When Karina Dominguez ran for Milpitas City Council in this past November, 2018, election, she did so grassroots-style, mobilizing support from the community by taking a simple yet powerful approach: She listened to people’s stories, and got to learn a great deal about their values, hopes, concerns, and fears.
“I was able to focus on building those relationships with our community members, and I heard about some of the despair they were feeling. There were so many people I ran into that said, ‘My voice doesn’t matter and won’t make a difference,’ ” said Dominguez. “But it’s about the power of community.”
Her campaign started early on in 2018. As far back as early spring, Dominguez and her team were already out knocking on doors. Dominguez estimated that she personally knocked on anywhere between 7,000 and 8,000 doors. Meanwhile, her team on the whole walked the entire city a total of three times, showing up on doorsteps all across Milpitas, all the way up ’til Election Day.
It was a tough race. Eight candidates were running, each with their own strengths and qualifications. Two of those candidates were incumbents Garry Barbadillo and Marsha Grilli, who each had their own followings and had built up trust in the community during their time in office.
Despite all this, Dominguez was undeterred, and consistently kept her focus on cultivating her connection with the community.
And it worked. In the end, Dominguez secured one of two council seats; the other seat went to Carmen Montano, who had previously served on the Council from 2012-2016.
“I think people saw that I wasn’t a traditional person running, but that I was grassroots, and care deeply about the community. I was able to take everyday issues and find solutions while being on the campaign trail. I wanted them to know I’m not just coming with empty promises,” said Dominguez. “My message to the community was: Please give me your trust, and I will make sure your needs are taken care of from Day One.”
The Experience to Lead
At Council Chambers on December 18, 2018, Dominguez was sworn in by her daughter Larissa, who is currently in her freshman year at the University of San Diego. Soon after being sworn in, Dominguez was appointed as Vice Mayor of Milpitas. It came as a shock that evening, as Mayor Rich Tran had previously expressed on social media that he wanted Montano to reprise her role as Vice Mayor, which she held under previous Mayor Jose Esteves. However, Montano graciously turned down the role, instead recommending Dominguez for it.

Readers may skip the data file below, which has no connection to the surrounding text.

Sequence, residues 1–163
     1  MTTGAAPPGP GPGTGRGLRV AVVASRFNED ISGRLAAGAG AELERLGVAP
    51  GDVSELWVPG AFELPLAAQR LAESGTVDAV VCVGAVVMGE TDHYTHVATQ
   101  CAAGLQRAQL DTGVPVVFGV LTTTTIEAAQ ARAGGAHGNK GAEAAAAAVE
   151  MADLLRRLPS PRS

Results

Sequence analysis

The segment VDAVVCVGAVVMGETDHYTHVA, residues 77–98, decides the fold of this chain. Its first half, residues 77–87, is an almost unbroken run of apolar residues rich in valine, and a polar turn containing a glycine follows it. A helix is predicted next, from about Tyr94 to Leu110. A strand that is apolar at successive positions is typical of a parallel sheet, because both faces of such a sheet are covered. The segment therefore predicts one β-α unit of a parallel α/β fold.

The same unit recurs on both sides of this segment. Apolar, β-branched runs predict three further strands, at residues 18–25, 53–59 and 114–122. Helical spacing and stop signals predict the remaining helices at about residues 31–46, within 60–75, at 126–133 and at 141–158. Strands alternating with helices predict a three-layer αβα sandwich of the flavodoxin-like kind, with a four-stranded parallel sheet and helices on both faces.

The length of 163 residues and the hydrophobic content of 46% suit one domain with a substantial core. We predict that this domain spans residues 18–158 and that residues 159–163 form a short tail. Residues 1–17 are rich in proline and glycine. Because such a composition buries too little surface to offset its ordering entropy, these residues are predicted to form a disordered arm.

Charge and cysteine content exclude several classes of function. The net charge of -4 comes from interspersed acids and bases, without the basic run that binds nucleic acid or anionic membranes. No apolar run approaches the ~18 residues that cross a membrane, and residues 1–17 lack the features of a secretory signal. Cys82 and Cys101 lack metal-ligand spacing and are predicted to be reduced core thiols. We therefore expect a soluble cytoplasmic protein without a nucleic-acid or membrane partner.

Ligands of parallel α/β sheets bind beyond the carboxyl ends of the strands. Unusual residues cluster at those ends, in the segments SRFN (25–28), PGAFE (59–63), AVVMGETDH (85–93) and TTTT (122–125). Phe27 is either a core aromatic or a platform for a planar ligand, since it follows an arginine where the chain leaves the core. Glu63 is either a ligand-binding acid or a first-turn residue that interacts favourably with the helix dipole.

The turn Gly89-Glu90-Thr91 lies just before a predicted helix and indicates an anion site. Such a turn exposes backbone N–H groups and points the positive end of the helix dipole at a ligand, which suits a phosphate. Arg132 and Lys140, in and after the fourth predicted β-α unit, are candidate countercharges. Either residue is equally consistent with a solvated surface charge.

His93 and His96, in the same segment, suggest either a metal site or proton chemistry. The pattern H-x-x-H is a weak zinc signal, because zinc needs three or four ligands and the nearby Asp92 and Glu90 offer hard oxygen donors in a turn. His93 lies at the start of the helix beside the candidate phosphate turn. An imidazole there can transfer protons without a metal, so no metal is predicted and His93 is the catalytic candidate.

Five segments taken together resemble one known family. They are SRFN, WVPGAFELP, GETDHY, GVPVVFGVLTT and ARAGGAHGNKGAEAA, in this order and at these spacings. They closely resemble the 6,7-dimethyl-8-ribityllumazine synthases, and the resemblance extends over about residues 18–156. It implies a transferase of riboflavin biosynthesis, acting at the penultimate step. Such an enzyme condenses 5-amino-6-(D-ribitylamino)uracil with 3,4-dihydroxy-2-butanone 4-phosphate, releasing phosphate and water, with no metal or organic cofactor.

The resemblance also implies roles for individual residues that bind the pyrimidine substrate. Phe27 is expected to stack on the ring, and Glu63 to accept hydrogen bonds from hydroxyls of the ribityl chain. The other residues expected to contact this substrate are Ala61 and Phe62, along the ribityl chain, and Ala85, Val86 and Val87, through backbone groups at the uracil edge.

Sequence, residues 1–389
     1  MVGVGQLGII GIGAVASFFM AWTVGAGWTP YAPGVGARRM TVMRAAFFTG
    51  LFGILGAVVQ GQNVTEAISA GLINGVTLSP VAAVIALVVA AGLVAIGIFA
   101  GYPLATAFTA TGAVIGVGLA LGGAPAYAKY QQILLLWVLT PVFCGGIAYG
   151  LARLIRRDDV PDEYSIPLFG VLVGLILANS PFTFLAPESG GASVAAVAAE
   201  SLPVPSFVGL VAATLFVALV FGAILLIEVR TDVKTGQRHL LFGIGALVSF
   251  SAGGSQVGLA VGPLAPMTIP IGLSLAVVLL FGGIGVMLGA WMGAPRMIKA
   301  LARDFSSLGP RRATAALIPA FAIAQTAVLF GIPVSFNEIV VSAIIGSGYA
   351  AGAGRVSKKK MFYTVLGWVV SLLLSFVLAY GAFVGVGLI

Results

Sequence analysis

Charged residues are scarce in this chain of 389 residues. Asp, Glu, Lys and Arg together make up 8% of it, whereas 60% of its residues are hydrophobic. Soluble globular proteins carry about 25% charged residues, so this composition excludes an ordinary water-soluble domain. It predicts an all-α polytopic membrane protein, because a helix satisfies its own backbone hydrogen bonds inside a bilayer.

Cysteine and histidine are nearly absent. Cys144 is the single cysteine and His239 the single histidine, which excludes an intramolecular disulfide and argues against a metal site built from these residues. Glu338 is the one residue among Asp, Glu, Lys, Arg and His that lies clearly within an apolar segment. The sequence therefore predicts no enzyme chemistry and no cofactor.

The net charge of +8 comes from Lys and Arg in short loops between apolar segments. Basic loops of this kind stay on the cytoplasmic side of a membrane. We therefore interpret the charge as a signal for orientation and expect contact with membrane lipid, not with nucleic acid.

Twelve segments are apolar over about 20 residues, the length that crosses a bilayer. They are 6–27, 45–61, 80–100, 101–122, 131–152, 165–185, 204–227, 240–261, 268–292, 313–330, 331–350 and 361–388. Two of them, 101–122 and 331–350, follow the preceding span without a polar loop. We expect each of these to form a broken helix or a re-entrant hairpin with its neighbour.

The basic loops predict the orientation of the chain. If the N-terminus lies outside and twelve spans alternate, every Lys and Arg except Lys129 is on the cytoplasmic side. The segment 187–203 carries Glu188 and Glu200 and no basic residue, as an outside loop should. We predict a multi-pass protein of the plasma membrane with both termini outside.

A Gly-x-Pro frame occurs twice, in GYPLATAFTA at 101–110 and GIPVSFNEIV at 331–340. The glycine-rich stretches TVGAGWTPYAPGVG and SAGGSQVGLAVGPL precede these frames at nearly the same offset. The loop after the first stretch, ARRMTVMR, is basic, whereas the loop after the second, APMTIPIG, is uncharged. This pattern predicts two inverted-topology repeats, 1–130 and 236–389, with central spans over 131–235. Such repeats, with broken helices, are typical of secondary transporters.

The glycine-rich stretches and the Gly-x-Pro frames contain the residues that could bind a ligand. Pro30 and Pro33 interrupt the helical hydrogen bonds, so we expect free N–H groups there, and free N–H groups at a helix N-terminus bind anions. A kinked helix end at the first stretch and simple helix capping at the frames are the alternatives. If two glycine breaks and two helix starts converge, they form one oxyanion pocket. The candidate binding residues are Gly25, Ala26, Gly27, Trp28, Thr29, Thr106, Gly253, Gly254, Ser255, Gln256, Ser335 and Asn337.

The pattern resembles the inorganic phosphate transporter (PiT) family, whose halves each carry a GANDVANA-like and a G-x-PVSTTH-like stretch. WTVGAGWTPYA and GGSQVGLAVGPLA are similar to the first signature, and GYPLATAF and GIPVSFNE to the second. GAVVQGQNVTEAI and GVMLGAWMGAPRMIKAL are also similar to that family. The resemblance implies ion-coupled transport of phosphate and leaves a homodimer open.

“I’ve always had this passion for government and how it worked,” said Dominguez, who at the age of 14 started working at the East Valley Family YMCA. It was there, at age 16, that she was able to be a part of a program called Youth and Government, through which students would visit Sacramento and other cities to learn how to pass policy. During that program, she received a Youth and Government pin, which she still owns to this day. In fact, she wore that very pin to her Swearing-In ceremony. And for the past five years, she has sat on the Board for the YMCA.
Having served as a staffer to both Assemblymember Kansen Chu and State Senator Bob Wieckowski, Vice Mayor Dominguez enters Milpitas politics with an arsenal of experience, knowledge, and unwavering commitment. She is well-versed in policy, and understands government matters at both state and city levels. One can see that in the confidence she radiates, in the articulateness with which she dispenses her wisdom, and in her willingness to engage her community in a way that goes beyond the scope of “politics as usual.”
A Fire is Lit
In April of 2017, Dominguez left her position at the State Senate after her friend and co-worker there endured a traumatic experience…the impacts of which still resonate to this day.
“I saw a lot of things around harassment, bullying, and sexual assault, in particular, at the state level,” said Dominguez. “And I will refer to her as Jane Doe…there was someone who I was close with; she was a state staffer in the state senate who was raped. And her experience and her story…it gave me that feeling of: What could I do? I really felt at that point, there was nothing I could do. Because I didn’t have that title or that power; I didn’t have the ability to move policy. I was someone who could influence policy, which was great, but sometimes it can take years to influence policy.”
Dominguez had no idea what the future would hold, but one thing was for certain: She would do all she could to empower women, to ensure that all women who’ve ever had to endure bullying or sexual harassment would be heard and supported.
What happened to her friend had awoken something in Dominguez, had lit a fire within — one that seemed capable of burning on in perpetuity.
In August of 2017, Dominguez stepped in to a new position as a Crime Prevention Specialist with the San Jose Police Department. She felt called to reach out and teach younger people, as well as to understand the law enforcement component of government, so that she could do her part in preventing sexual assault.
In her ongoing work as a Crime Prevention Specialist, Dominguez goes out to schools and teaches kids about cyber bullying, bullying prevention, and drug prevention. And given the prevalence of school shootings, she also goes out to schools and educates students on what to do in the event of an active shooter. In the meantime, as crime rates in the region continue to rise, Dominguez also plays an integral role in keeping the Neighborhood Watch programs running strong.